- The Natural Way of Things by Charlotte Wood: The Natural Way of Things centres on a group of women who find themselves imprisoned in a rundown, remote property surrounded by an electric fence. Reading Woods’ book was a visceral experience, creating tension in my body as I experienced emotions one after the other: anger, frustration, helplessness, horror, and deep sadness.It’s a stunning example of literature, allegory and talent. Read it … but make sure you’re in a strong frame of mind. Full review here.
- The Buried Giant by Kazuo Ishiguro: The Buried Giant is set in a semi-fantasy medieval Britain, long after the departure of the Romans, and in the years following the reign of the mythical King Arthur. There are dragons, warriors, pixies, beasts and knights, as well as ordinary humans (split into two opposing groups, the Saxons and Britons); there are journeys, quests, battles and strange mists that make people forget. It would be easy to classify the novel as a fantasy/adventure and yet, it’s so much more. It’s also a love story and an allegory. Defining it as fantasy is overly-simplistic. Full review here.
- The Other Side of the World by Stephanie Bishop: A sense of melancholy pervades The Other Side of the World, a beautifully written novel by Stephanie Bishop. Themes of motherhood, depression, belonging and identity are explored with insight, resulting in a moving and memorable tale that will leave readers pondering. Full review here.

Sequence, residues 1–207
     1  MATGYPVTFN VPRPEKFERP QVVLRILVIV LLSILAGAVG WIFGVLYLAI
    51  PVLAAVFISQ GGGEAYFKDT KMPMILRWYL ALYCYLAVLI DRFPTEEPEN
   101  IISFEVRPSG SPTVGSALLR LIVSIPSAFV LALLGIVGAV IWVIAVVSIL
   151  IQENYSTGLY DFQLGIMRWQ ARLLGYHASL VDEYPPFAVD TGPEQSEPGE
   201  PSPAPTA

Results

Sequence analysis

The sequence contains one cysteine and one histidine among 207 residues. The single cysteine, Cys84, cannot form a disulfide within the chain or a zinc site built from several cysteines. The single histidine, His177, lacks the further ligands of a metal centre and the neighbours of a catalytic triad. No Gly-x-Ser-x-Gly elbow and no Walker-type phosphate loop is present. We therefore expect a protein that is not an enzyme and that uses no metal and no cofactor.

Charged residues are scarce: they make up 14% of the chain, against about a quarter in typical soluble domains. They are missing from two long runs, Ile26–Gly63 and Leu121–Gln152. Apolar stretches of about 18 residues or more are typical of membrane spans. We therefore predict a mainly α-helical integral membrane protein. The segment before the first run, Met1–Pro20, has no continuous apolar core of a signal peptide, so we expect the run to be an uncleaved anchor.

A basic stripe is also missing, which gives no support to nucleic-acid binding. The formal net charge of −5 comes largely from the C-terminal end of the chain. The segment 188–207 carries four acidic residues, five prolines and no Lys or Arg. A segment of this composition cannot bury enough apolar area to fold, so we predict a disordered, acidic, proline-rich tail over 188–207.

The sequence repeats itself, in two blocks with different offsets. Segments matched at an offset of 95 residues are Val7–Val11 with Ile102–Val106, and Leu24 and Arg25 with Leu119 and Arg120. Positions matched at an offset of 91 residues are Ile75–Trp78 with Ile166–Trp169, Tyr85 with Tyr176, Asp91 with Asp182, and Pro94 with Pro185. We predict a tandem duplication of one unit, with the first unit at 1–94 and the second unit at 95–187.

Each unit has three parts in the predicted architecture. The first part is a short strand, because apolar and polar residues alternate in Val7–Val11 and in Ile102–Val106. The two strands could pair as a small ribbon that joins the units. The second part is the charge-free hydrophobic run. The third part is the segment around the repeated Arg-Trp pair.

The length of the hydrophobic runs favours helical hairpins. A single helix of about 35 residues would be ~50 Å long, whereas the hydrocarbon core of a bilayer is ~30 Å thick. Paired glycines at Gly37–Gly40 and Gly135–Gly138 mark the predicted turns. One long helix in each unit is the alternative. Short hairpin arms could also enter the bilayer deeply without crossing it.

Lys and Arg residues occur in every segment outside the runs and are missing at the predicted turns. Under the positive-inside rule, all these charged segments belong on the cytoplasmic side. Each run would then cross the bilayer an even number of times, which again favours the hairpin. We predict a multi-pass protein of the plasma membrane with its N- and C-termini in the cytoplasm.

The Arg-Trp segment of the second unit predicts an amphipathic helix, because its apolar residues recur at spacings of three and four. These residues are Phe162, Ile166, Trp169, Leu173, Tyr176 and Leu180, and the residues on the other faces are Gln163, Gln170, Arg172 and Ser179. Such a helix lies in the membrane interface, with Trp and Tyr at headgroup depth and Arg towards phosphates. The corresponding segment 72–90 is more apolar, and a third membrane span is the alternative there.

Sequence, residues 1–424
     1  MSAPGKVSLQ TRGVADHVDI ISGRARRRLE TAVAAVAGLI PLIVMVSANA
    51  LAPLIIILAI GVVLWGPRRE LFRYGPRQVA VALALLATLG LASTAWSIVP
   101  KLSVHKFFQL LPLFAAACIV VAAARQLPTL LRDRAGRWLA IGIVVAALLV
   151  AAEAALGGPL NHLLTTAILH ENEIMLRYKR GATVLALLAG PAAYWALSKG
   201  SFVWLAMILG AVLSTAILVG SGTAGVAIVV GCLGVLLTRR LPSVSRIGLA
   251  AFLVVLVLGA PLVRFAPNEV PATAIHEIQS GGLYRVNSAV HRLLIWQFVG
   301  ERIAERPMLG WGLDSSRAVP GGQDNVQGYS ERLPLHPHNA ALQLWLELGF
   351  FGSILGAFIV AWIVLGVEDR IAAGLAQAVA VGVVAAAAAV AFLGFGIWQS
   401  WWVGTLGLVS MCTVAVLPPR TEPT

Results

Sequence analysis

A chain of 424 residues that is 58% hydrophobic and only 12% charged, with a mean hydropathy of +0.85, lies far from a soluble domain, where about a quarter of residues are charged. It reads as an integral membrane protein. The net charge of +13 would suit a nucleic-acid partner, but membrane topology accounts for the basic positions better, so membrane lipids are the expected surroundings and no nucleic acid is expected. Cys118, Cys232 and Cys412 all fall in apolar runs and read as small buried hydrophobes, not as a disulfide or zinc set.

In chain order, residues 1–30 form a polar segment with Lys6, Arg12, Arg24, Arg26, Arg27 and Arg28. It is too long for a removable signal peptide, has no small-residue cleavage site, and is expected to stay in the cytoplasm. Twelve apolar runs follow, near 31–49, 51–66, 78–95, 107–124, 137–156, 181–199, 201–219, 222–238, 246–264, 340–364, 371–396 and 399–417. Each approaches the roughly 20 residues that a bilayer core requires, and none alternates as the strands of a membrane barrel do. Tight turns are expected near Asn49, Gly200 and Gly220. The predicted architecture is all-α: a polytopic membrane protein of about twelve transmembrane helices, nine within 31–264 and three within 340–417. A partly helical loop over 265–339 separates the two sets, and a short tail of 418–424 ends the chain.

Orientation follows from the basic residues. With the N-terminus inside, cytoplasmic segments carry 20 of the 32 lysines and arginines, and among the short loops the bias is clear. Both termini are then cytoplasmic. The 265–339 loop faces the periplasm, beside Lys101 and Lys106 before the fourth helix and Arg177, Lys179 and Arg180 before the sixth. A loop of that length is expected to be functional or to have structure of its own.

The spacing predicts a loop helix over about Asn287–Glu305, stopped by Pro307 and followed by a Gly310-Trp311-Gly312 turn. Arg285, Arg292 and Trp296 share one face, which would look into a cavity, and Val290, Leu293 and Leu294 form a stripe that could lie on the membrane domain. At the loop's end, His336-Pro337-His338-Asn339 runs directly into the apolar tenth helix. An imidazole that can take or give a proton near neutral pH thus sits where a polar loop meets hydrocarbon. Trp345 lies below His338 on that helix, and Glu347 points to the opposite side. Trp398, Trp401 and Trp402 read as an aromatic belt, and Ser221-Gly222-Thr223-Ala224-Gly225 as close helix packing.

I’m also going to add these because they all stood out one way or another:
- The Secret Chord by Geraldine Brooks: A book for fans, thinkers and lovers of beautiful writing, The Secret Chord is one of the best books I’ve read this year. Brooks’ David startled, disappointed, surprised, challenged and saddened me – what more could I ask for in a character?
- The Japanese Lover by Isabel Allende: Reading this book was like unwrapping a gift, layer after layer of decorative paper to the finest tissue, to find the story’s heart inside.
- The Lake House by Kate Morton: There’s something incredibly romantic about big old houses, once-beautiful but now tangled old gardens, yellowing letters, haunting secrets, ghostly apparitions … they put me in a reader’s swoon every time.
- The Beast’s Garden by Kate Forsyth: A wrenching tale of love, courage and standing up for what’s right, The Beast’s Garden had me in tears a number of times.
- Six Degrees by Honey Brown: I read this book in one sitting, completely drawn in by Brown’s honest storytelling, interesting and believable characters, and her insight into what is one of the fundamental aspects of the human experience.
- Love at First Flight by Tess Woods: I enjoy books that make me think, books that turn stereotypes upside down … and that’s exactly what Love at First Flight did. I’m keen to see what Woods comes up with next.
- The Soldier’s Wife by Pamela Hart: Set in Sydney during World War I, The Soldier’s Wife brings to life a love story threatened by war and uncertainty, but driven by hope, passion and perseverance.
Joan London’s The Golden Age, Michael Robothom’s Close Your Eyes, Hester and Harriet by Hilary Spiers, The Words in my Hand by Guinevere Glasfurd, Julian Leatherdale’s Palace of Tears, Naked by Eliza Redgold, Undermajordomo Minor by Patrick de Witt and Fredrik Backman’s My Grandmother Sends Her Regards and Apologises were also in my ‘loved’ them pile.
Of my total reviewed books, sixty of them count towards the Australian Women Writers Challenge 2015, though I haven’t been as faithful as usual in recording them on the challenge website.